Barrington Bayley

Just learnt that British SF's dark star died two days ago. A very fine writer whose work was playfully serious and packed with ideas and an anarchic surrealism that was both mordant and biting witty. He was often called an 'SF writer's SF writer' - much admired, but never achieving the kind of fame enjoyed by people with a quarter of his talent. He was also a consummate professional. Kim Newman and I published one of his short stories, 'Don't Leave Me', in our anthology In Dreams. A wonderful satire on the excesses of academic scholarship, it required extensive quotes from the eponymous track that was the subject of dissection by far-future scholars. Kim and I thought it word-perfect wonderful, but with some trepidation raised with Barry one possible difficulty - he would need to obtain copyright clearance. Barry assured us that it was no problem, and within a couple of weeks had sorted it out, paying for clearance to quote selected lyrics out of his own pocket. As we wrote in our introduction:
'We're particularly pleased to present one of his stories here, because, with novels such as The Zen Gun and The Rod of Light, he is a link between the fine old days of New Worlds' trippy gedanken experiments in literary speculative fiction and the ideological gurus of the current radical SF fringe.'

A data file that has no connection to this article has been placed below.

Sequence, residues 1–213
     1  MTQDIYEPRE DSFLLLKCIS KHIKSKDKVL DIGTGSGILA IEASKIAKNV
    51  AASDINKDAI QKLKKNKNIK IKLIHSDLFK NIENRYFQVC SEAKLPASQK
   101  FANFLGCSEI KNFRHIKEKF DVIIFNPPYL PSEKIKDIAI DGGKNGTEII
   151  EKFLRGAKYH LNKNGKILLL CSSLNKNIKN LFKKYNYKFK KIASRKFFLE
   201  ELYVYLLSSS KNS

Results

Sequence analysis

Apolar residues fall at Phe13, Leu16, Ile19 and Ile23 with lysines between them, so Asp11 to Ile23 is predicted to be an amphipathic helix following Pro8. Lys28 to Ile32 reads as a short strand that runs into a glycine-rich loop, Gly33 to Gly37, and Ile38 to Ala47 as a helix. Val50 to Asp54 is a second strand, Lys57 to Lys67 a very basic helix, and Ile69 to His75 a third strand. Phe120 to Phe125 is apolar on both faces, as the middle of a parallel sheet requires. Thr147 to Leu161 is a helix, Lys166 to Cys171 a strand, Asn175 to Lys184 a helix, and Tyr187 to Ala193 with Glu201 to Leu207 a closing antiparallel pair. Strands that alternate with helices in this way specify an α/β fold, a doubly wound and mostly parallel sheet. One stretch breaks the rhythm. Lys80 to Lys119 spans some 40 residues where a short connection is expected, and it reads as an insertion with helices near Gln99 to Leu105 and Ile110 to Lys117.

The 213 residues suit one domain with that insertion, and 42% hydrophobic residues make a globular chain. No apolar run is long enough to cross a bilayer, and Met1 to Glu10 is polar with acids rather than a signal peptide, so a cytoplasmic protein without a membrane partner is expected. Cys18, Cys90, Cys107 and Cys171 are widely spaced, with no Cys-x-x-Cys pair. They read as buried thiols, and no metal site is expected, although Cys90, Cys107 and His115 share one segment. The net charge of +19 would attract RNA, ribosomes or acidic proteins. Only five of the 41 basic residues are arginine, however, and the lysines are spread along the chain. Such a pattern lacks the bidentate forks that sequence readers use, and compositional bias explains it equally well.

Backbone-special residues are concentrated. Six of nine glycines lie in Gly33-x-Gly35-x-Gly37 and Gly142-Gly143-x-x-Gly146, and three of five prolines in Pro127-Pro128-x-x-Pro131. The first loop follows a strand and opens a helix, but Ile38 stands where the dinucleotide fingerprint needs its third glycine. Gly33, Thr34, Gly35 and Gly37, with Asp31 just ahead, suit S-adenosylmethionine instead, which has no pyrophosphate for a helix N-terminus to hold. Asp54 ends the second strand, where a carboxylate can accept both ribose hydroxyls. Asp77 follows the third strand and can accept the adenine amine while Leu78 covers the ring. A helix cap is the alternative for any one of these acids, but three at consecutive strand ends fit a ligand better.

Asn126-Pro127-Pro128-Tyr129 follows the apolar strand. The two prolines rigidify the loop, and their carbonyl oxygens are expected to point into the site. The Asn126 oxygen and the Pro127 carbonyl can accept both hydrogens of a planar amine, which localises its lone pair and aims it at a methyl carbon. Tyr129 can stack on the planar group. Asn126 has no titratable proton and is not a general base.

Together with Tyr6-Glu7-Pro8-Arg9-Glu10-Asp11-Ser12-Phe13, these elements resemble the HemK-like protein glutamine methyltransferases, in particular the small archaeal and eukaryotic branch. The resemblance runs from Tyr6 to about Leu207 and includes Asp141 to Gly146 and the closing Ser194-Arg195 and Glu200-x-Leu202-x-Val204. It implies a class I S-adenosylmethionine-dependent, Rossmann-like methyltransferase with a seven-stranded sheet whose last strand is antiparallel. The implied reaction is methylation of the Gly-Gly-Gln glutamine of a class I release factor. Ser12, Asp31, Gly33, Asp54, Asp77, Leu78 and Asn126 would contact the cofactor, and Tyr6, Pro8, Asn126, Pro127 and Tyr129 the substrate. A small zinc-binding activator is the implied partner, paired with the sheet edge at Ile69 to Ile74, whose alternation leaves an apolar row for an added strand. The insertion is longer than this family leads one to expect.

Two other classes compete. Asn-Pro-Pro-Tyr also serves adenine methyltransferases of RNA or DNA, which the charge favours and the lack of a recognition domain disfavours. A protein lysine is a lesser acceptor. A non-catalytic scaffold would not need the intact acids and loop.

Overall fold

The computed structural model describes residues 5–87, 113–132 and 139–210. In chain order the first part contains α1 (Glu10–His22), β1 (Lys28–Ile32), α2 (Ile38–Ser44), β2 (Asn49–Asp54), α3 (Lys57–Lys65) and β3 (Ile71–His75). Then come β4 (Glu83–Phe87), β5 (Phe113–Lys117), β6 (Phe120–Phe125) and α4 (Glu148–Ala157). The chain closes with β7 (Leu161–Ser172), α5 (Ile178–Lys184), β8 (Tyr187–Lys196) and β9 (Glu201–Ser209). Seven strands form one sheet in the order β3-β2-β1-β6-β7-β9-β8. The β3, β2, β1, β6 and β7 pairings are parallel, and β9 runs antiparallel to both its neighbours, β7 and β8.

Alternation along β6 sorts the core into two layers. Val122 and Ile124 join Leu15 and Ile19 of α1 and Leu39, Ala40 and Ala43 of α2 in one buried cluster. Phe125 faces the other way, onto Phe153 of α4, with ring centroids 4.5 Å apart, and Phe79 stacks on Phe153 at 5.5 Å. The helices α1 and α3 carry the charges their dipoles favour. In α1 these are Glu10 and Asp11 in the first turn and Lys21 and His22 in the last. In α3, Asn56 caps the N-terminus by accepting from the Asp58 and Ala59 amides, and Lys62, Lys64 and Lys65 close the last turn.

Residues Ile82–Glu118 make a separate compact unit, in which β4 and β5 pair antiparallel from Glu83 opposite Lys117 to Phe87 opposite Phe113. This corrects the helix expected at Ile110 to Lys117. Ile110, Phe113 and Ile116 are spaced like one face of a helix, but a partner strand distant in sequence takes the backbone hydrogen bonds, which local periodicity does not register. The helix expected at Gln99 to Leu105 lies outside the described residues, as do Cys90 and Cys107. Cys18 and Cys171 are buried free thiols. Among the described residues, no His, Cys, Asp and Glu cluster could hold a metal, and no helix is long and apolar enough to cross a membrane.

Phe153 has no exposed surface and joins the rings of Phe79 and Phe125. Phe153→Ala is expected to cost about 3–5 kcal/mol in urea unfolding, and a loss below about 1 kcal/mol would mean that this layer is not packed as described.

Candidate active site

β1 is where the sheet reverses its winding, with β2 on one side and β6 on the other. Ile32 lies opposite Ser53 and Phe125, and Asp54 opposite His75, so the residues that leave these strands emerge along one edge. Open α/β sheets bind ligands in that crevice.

Tuesday, October 14, 2008

The Nature Of The Catastrophe

Down to the Tate Modern to see the new work for the Turbine Hall - Dominique Gonazalez-Foerster’s TH.2058. The conceit is that it’s fifty years in the future; a strange and continuous rain has caused sculptures in public spaces to swell and grow, so they’ve been brought indoors; and human refugees seeking shelter from the rain sleep amongst them on ranks of bunk beds, entertained by a mashup of old sci-fi films, and SF novels and other admonitory texts about the future.

The Turbine Hall is a challenging space. The cleverly enlarged sculptures, in particular replicas of a Louise Bourgeois spider and a bright red Alexander Calder piece, lend structure to fill its stark volume, looming over the bunk beds, which are both domestic in scale and, in their repetition, industrial/commercial, like a supermarket storage area emptied by looters. As a narrative framework in which the audience can wander, and invent their own stories, it works well enough - the schoolchildren visiting it were definitely energised by it - but the concept itself seemed somewhat thin and sketchy. Why does the rain make the sculptures grow? Why do they increase in scale and kept their exact form - why don’t they swell or mutate? Where is the human detritus we associate with vast disasters, or the intricate detailing of fully worked futures, as in Children of Men?